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Welcome to The Medicine Mentors interview series. Our mission is to create a platform for top physician mentors to share key insights, traits and best practices based on their experiences to guide medical students and residents.

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Jul 29, 2020

William Nelson, M.D., Ph. D., joins us for this episode to share his insights garnered from an outstanding career in Oncology. Dr. Nelson was named the Marion I. Knott Director and Professor of Oncology and Director of the Sidney Kimmel Comprehensive Cancer center at Johns Hopkins faculty in 2008. Dr. Nelson is a renowned Professor of Oncology, Urology, Pharmacology, Medicine, Pathology and Radiation Oncology, and is also a recognized leader in translational research for cancer. Working with his fellow John Hopkins colleagues, Dr. Nelson discovered the most common genome alternation in prostate cancer. 

In this episode, Dr. Nelson discusses the connection between clinical excellence and research excellence, tells us how to become invaluable in our work, emphasizes the rare art of critical thinking, and touches on some issues affecting physicians and residents in our current culture.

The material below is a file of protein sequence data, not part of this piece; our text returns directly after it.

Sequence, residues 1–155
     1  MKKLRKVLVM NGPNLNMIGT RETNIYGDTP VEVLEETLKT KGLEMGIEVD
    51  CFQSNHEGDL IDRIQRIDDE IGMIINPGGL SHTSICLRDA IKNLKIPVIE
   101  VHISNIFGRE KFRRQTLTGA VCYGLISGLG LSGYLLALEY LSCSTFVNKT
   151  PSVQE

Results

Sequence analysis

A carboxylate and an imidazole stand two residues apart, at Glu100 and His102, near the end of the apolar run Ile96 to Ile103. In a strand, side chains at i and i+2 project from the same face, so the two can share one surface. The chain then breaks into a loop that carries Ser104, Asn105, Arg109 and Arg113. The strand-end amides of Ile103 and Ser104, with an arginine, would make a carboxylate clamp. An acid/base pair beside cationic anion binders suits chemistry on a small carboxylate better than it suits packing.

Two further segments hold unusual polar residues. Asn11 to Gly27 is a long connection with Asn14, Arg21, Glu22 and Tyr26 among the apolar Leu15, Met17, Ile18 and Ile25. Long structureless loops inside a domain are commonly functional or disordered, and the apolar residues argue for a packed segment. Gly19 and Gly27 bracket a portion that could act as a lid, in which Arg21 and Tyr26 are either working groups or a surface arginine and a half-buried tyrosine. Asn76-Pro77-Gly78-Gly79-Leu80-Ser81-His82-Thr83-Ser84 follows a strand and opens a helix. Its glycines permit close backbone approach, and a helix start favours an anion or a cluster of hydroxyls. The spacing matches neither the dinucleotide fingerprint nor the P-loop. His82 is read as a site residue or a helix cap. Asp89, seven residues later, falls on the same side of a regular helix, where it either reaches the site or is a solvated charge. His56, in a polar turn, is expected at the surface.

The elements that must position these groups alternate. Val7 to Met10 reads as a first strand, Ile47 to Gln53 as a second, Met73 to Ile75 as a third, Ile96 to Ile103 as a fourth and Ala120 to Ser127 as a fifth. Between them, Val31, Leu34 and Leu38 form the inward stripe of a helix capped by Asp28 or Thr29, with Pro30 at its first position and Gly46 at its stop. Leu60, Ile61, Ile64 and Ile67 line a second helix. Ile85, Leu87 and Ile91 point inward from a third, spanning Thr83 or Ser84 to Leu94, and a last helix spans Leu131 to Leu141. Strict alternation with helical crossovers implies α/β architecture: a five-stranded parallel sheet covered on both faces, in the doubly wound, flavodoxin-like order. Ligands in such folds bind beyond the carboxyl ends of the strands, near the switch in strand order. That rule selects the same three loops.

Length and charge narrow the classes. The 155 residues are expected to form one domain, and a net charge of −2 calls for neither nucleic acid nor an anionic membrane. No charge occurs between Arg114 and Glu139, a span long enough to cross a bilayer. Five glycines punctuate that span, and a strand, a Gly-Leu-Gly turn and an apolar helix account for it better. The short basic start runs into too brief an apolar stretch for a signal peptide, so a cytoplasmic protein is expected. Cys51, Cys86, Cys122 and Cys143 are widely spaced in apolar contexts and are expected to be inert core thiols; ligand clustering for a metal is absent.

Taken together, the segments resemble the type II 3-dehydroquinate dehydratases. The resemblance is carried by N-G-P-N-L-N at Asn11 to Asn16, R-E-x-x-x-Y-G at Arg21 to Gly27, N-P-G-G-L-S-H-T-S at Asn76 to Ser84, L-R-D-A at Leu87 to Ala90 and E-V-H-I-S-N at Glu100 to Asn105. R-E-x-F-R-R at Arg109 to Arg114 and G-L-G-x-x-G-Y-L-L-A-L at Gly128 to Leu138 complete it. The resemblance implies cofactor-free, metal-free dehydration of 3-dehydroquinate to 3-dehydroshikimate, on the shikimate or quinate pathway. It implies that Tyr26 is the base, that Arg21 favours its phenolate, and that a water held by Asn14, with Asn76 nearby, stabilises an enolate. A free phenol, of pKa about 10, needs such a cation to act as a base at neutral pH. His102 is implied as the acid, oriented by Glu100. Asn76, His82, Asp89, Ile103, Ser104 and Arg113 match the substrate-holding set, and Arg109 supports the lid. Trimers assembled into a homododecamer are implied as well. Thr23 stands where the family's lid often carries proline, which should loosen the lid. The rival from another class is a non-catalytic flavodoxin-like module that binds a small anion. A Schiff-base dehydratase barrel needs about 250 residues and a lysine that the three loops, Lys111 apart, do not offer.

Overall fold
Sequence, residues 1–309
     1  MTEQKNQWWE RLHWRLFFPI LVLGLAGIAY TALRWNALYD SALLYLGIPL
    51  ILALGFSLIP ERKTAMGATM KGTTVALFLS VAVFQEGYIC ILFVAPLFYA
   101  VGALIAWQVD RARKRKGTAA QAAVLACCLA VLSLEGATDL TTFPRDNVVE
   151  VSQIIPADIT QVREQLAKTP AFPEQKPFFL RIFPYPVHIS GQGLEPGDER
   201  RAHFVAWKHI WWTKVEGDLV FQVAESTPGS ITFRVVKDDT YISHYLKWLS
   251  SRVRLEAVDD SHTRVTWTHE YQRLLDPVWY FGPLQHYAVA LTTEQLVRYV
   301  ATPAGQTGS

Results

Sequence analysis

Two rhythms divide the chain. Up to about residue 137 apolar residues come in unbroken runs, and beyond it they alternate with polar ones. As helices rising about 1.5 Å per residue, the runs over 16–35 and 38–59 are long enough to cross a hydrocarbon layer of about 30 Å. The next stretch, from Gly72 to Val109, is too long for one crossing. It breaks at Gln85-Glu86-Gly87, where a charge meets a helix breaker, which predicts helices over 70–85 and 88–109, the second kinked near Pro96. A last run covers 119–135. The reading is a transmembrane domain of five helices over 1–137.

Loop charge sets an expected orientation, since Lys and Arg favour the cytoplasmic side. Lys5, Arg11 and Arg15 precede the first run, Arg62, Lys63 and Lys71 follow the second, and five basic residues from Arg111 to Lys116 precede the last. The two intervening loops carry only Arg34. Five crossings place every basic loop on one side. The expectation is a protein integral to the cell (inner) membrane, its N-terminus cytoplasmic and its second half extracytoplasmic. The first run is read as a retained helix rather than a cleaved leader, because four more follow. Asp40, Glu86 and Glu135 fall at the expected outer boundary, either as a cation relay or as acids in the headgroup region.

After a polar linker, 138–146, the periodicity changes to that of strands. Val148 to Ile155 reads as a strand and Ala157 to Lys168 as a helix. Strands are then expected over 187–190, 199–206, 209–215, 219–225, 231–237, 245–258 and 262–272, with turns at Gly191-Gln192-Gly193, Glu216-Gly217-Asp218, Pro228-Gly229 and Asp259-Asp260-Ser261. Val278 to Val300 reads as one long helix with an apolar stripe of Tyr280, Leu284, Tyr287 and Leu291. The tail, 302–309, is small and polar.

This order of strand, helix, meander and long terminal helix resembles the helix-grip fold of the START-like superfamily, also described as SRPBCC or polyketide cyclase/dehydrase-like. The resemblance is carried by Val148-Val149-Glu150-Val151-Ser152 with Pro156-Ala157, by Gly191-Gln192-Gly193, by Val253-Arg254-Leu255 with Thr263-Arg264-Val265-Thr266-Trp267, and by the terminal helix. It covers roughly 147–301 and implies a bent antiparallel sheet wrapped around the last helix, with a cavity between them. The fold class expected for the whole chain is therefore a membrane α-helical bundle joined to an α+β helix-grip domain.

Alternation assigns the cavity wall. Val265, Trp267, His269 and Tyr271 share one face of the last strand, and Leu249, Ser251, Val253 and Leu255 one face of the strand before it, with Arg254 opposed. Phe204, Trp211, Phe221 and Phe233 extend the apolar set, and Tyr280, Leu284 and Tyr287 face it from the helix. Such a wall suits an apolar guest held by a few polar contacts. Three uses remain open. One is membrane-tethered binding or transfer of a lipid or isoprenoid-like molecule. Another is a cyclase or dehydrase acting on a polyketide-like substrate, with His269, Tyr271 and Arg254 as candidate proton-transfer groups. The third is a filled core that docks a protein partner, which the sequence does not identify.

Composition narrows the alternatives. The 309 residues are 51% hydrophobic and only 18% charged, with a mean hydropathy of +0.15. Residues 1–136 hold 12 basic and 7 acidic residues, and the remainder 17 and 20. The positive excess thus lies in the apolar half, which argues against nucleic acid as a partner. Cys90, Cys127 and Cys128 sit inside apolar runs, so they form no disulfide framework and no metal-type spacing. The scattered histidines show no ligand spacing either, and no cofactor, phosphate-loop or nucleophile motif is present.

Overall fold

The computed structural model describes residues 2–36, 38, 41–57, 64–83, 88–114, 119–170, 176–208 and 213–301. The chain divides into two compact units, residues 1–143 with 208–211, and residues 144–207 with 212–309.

Thank you for listening to the following wisdom from Dr. Nelson. As a leader in research who has made profound contributions, Dr. Nelson’s advice should be put to good use.

Talking points:

  • Clinical excellence and research excellence are related 
  • Applying a deep knowledge of medical science 
  • Medicine is collaborative, so specialize in your field to become invaluable 
  • How Dr. Nelson cultivated a deep expertise in prostate cancer 
  • Why time is more valuable than knowledge in patient care 
  • Critical thinking is a rare (and valuable) trait 
  • Being successful as a resident in the changing culture 
  • Current issues in teaching medical students 
  • Do your best day by day to figure out medical problems and you will have a successful journey